A new study has warned that a common softening agent used in PVC floors may enter an infant's body either through breathing or ingestion, increasing the risk of asthma and allergies.
A new study at Karlstad University in Sweden showed that phthalates from PVC flooring materials is taken up by our bodies and children can ingest these softening agents with food but also by breathing and through the skin.
AdvertisementPhthalates are substances which are suspected to cause asthma and allergies and other chronic diseases in children.
Phthalates are a group of chemical compounds that occur in construction materials and a great number of common consumer goods such as toys, cleaning solvents, packaging, etc.
Phthalates are suspected of disrupting hormones as well.
Flooring materials using softened PVC contain phthalates and have previously been shown to be a major source of phthalates in indoor dust.
This new study was modelled to investigate whether flooring materials using PVC and other housing-related factors, together with other individual factors, can be tied to the uptake of phthalates by infants.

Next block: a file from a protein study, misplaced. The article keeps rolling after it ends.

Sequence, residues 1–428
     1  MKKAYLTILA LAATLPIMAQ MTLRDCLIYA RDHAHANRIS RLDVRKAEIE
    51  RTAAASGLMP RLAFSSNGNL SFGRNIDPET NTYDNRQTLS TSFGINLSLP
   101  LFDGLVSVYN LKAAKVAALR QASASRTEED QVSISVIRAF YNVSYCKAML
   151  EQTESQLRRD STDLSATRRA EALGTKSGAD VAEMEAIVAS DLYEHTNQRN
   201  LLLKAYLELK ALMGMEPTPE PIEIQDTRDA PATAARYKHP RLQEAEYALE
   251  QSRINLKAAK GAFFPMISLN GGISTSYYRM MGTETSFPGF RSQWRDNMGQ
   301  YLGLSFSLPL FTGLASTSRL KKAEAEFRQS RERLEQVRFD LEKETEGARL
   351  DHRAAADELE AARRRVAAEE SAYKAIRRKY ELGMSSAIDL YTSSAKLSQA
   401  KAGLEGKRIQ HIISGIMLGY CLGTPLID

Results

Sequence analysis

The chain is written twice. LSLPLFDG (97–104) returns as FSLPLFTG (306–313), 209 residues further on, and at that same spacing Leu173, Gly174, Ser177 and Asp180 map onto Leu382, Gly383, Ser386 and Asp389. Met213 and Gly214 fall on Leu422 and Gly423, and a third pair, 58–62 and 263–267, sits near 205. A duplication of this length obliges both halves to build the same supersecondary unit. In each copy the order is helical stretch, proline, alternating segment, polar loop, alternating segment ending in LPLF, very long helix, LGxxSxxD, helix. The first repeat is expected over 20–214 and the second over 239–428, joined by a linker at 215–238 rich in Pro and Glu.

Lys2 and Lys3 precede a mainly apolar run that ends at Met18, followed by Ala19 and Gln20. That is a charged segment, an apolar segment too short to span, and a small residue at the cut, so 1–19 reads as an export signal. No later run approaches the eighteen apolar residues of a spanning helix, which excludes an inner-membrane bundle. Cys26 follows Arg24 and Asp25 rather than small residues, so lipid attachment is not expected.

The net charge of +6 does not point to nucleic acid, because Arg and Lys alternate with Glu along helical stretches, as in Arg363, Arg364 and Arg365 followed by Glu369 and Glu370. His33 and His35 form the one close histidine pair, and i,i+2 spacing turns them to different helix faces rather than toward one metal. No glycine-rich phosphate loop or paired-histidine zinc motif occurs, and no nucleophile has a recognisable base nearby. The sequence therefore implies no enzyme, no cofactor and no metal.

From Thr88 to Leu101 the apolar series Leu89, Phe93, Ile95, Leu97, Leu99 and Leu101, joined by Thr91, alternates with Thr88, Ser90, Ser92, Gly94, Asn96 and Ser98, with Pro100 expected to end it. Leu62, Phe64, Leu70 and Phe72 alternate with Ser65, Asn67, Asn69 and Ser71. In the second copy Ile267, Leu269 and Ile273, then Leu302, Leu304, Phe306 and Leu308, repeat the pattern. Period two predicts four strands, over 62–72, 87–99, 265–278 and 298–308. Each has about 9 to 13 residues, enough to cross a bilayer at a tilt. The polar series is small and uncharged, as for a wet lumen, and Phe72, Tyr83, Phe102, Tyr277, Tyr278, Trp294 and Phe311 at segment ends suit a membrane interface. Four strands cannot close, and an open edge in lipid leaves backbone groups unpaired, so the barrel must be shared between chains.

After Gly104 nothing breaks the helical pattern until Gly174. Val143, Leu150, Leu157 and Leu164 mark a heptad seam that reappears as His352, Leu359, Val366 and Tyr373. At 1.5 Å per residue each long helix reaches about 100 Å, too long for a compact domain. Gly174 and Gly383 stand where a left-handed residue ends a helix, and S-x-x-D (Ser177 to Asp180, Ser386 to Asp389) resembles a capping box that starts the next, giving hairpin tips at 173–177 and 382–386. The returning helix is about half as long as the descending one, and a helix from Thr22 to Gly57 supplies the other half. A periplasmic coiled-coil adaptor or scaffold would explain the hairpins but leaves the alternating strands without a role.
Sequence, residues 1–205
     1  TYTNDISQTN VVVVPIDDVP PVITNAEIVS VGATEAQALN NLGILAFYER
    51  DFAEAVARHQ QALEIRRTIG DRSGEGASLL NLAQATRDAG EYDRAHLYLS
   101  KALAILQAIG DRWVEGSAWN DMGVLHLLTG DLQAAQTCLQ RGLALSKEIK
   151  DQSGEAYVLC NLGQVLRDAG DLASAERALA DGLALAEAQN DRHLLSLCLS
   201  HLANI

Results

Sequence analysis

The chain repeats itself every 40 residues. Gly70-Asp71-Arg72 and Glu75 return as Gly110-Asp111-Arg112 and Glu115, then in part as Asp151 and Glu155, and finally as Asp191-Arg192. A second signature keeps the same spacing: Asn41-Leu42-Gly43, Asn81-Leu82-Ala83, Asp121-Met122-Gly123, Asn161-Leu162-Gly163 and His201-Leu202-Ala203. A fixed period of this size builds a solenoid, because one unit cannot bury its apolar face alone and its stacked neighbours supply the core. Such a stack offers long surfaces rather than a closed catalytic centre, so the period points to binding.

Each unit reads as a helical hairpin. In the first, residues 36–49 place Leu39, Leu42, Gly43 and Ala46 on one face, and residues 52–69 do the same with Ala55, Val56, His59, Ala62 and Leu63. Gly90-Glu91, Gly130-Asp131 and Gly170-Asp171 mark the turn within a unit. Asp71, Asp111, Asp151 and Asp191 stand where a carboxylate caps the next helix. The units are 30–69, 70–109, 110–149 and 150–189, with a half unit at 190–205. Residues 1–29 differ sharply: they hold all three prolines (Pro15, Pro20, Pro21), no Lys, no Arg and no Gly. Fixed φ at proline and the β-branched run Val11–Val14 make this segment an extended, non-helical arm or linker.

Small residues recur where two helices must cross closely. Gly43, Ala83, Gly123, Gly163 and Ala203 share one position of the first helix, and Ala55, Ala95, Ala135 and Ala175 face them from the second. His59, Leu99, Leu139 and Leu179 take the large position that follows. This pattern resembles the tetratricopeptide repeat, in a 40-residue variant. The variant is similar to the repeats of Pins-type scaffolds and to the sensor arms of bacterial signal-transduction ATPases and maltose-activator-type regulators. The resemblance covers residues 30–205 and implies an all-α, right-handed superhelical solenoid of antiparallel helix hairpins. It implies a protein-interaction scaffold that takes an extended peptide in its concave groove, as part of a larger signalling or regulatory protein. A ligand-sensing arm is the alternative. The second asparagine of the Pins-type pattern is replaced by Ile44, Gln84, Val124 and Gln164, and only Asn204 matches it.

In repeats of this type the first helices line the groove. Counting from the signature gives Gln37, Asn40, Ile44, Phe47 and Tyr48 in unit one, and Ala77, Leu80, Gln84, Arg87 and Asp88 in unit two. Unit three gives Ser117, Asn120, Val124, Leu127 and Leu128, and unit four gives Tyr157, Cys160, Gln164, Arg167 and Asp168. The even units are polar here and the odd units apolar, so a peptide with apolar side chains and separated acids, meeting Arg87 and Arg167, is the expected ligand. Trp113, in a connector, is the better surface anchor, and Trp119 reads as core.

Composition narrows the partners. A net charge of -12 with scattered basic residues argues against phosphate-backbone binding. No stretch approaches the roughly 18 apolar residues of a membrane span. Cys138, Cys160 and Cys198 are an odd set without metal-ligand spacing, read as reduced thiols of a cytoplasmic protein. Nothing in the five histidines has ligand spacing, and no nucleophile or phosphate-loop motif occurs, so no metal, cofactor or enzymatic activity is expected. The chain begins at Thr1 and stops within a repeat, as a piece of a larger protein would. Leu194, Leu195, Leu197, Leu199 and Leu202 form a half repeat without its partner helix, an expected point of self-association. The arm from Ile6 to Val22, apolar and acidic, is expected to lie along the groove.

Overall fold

Urine samples were taken from 83 randomly selected children ranging between the ages of 2 and 6 months by the county council in V?rmland in western Sweden.
The prevalence of four types of phthalates in the urine was measured, and data were collected about flooring materials and the home, the family's lifestyle, and individual factors for the children.
The levels of certain phthalates (MBzP, a BBzP metabolite) proved to be higher in the urine of the infants that had PVC materials on their bedroom floor.
The levels of another phthalate metabolite linked to DEHP were lower in 2-month-old children if they were exclusively breastfed, with no supplements.
Earlier studies from the current group have shown that PVC flooring can be tied to the presence of phthalates in indoor dust, and that exposure for BBzP in indoor dust could be associated with allergic conditions in children.
These new data thus show that the uptake of phthalates in babies can be related to flooring materials using softened PVC in the home.
It should also be pointed out that both DEHP and BBzP are banned from being used in toys for small children owing to health risks.
"With this study as a basis, we can establish that there are other sources that should be taken into consideration in regard to the uptake of banned chemicals and that we do not only ingest them in our food," said Carl-Gustaf Bornehag, professor of public health at Karlstad University and leader of the study.
The findings also suggest that phthalates can be taken up in different ways, both through food and probably through breathing and through the skin.
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